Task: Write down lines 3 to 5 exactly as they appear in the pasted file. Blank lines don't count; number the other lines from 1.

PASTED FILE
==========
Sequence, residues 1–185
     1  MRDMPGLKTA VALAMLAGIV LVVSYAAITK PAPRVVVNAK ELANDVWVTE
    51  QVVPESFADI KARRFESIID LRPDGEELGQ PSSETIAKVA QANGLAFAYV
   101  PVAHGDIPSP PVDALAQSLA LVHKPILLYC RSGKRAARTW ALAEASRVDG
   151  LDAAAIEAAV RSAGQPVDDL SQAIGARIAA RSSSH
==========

    51  QVVPESFADI KARRFESIID LRPDGEELGQ PSSETIAKVA QANGLAFAYV
   101  PVAHGDIPSP PVDALAQSLA LVHKPILLYC RSGKRAARTW ALAEASRVDG
   151  LDAAAIEAAV RSAGQPVDDL SQAIGARIAA RSSSH